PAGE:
Agent 83 (Hailee Steinfeld) has been raised since she was a baby as part of a project known as Prescott, which trains young women to become undercover assassins. She’s always been taught to avoid any attachments but, at 16, 83 just wants a little normality, like what she’s seen in teen movies. When an op goes wrong 83 escapes, using a student exchange programme to become Megan Walsh, from Canada, and to try to have a normal high school experience. Prescott, however, has other ideas.
You Should See It Because
Barely Lethal came out around the same time as Violet and Daisy, which also toplined a talented young star (in that case Saoirse Ronan) as a teenage assassin. Often, when two similarly themed movies are released in quick succession, one will end up hitting reasonably big and the other disappearing. In this case, both movies essentially vanished, neither rating a UK cinema release. For my money it’s Barely Lethal that is worth digging up.
It has the title of a direct to video erotic thriller from 1992, but Barely Lethal surprises by being one of the most interesting mainstream teen movies of recent years. ‘Megan’s’ only experience of the way teenagers interact and of what to expect from a high school experience comes from watching teen movies like Mean Girls, Bring It On and Clueless and this leads not only to plenty of good jokes, but to a movie that is very aware of where it fits into its genre, and isn’t afraid of analysing the cliches even as it indulges in them. This is especially well done in the early scenes of Megan going to high school. For instance, when the cheerleaders ask her to have lunch with them on her first day she frames that request through both Mean Girls and her training, assuming they are lulling her into a false sense of security, only to later spring a cruel joke on her. It’s a nice joke about how movies affect our perception, topped with an almost thrown away “but we were nice” from the baffled cheerleaders.
Megan’s training leaks into her daily life at high school in other ways. She treats the entire thing as a mission, with mission profiles in her bedroom and her locker. After she becomes the person in the football team’s mascot she reacts on instinct when a rival team tries to kidnap the mascot, as is tradition, and ends up beating them up. Steinfeld does all this well, giving a sense of Megan trying hard to find a way to fit in, but only able to act on the limited understanding she has from teen movies. Another aspect of Megan’s attempt to fit in comes through her relationships, while he’s quite handsome it always feels like her attraction to Cash (Toby Sebastian), the school celebrity and singer in local band Emotacon, is based more on the idea that this is the guy her character would be into if she were in a teen movie, rather than anything he says or does. Much more natural is her easy chemistry with AV geek Roger (Thomas Mann); a sweet relationship that develops through a mutual love of corny jokes and what seems like a genuine connection in Steinfeld and Mann‘s performances.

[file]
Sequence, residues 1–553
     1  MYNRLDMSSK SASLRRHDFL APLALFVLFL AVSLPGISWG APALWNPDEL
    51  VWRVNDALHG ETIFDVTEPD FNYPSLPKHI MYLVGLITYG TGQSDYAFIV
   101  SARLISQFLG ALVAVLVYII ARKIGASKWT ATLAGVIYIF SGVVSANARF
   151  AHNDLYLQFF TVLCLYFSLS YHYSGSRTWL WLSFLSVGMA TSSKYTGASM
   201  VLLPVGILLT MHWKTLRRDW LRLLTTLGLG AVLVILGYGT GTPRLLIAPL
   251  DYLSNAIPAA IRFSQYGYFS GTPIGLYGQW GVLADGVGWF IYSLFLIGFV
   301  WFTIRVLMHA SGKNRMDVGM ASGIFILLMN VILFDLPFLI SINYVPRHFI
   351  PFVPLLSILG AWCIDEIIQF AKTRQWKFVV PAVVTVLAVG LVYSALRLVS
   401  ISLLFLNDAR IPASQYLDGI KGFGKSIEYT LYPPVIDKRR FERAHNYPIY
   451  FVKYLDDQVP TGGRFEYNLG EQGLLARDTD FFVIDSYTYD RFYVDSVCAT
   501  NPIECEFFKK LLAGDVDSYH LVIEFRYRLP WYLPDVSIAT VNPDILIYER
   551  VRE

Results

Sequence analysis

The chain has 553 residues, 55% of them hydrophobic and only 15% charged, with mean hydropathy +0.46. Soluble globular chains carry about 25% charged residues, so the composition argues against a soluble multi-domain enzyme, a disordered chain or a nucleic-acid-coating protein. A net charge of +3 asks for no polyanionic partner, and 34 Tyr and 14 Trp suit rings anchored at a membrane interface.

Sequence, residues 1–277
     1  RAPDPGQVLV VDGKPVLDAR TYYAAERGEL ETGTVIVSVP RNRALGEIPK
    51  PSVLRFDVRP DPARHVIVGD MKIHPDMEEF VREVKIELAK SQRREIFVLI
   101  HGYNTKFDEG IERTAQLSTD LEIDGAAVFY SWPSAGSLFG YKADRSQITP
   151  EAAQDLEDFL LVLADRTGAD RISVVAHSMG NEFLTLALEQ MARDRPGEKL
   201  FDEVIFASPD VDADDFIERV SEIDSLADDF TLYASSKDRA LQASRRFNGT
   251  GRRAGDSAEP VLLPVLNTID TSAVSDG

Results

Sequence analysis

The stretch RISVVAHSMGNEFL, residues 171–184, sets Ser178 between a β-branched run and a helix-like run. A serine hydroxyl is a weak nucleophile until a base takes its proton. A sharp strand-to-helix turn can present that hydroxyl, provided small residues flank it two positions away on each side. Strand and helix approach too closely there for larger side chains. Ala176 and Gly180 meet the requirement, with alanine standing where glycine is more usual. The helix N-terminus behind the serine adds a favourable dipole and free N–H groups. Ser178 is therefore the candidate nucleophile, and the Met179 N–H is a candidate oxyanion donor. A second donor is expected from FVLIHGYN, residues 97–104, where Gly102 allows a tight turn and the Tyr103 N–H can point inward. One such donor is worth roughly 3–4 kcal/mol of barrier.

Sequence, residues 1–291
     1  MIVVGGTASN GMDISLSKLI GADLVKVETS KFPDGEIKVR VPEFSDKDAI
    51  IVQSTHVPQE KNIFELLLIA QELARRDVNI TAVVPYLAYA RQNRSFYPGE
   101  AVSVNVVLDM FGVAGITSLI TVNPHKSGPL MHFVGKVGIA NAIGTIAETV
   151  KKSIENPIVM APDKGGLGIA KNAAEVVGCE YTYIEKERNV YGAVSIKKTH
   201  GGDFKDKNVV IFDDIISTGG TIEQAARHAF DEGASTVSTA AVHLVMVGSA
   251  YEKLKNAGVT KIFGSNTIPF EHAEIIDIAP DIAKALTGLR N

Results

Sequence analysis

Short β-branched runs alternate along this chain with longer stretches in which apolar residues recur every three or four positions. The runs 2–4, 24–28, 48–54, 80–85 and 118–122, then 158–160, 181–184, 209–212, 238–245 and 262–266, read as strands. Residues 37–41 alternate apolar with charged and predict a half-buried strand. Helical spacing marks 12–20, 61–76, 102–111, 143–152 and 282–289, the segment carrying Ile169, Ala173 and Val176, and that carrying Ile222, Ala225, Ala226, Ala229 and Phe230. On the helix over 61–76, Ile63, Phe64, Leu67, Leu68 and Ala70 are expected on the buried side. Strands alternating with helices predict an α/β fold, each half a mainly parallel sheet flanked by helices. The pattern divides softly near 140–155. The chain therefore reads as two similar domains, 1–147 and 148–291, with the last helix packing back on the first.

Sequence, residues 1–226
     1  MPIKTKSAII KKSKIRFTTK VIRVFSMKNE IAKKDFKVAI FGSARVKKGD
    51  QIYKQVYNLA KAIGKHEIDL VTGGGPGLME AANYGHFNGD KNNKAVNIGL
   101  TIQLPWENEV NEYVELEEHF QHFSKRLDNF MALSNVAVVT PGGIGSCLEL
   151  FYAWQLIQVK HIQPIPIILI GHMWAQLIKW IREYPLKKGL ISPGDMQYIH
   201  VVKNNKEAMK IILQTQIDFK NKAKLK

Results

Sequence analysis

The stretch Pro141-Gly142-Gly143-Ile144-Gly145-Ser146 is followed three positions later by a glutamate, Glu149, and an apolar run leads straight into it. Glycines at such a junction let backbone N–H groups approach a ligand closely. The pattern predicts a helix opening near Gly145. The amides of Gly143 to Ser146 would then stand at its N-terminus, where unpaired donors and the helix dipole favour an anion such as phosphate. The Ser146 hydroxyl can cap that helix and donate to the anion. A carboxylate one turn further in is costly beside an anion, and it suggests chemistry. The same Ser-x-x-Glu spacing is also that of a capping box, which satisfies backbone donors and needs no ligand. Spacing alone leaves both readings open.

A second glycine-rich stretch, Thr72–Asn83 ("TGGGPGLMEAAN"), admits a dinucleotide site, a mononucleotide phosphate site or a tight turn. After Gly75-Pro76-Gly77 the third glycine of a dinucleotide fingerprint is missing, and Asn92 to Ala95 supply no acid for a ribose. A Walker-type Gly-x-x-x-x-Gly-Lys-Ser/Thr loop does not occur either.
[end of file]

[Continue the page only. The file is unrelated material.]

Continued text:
The cast is surprisingly starry, though the biggest names - Samuel L Jackson as the operative who trained ‘Megan’, Sophie Turner as 84, ‘Megan’s rival and closest competitor at Prescott and Jessica Alba as Victoia Knox, the arms dealer that Prescott are after - have roles that amount to not much more than extended cameos. All of them are having a ball though. Samuel L Jackson seems genuinely amused in scenes where explosions are going off and he’s calmly telling seven year old girls that “this is why we wear the [bomb disposal] suit” and both Turner and Alba seem to delight in their bitchy characters and the limited action they have to do. Also excellent are Rachel E Harris, Dove Cameron and Jason Drucker as the family that Megan is staying with. Her relationship with Cameron’s Liz goes through a predictable arc from Liz being embarrassed to be seen with Megan to the two being friends and relying on each other in the final act’s action scenes, but it’s all nicely played, especially in a very funny scene when they talk about how Megan hasn’t killed anyone before in terms that sound like they’re talking about the possibility of losing their virginity.
The character writing can be fairly broad, but there are plenty of good jokes to spread around and some character development even for the supporting cast. Particularly entertaining in this respect is Gooch (Gabriel Basso), who starts out as the stereotypical jock, but has some funny scenes with Liz that reveal him to be more than just that one joke stereotype (though he also sometimes regresses amusingly). The only major misstep in the performances or in the script’s tone is Dan Fogler as a creepy teacher who clearly has a crush on Cash. It’s supposed to be funny, but is instead just icky.
The film’s action is reasonably well done. Steinfeld and Sophie Turner seem to do as much of their own work as is practical and it’s not shakycammed into nonsense. Steinfeld is no Michelle Yeoh, and nobody’s going to be asking director Kyle Newman to make The Raid 3, but the action works well for the kind of film this is.
Overall, Barely Lethal surprised me on my first viewing and has continued to do so on subsequent watches. There’s a lot here for fans of teen movies, as it really engages with the genre and does some light analysis along with a lot of very good jokes, Steinfeld’s bright performance makes an interesting counterpoint to Edge Of Seventeen and the whole package works both as a teen movie and a highly enjoyable action comedy. It’s well worth giving this one a chance.
How Can You See It?
Barely Lethal is available on DVD and Blu Ray in both the US and UK. It’s a bare bones disc, but can be found for knock down prices (I got the Blu Ray in Poundland).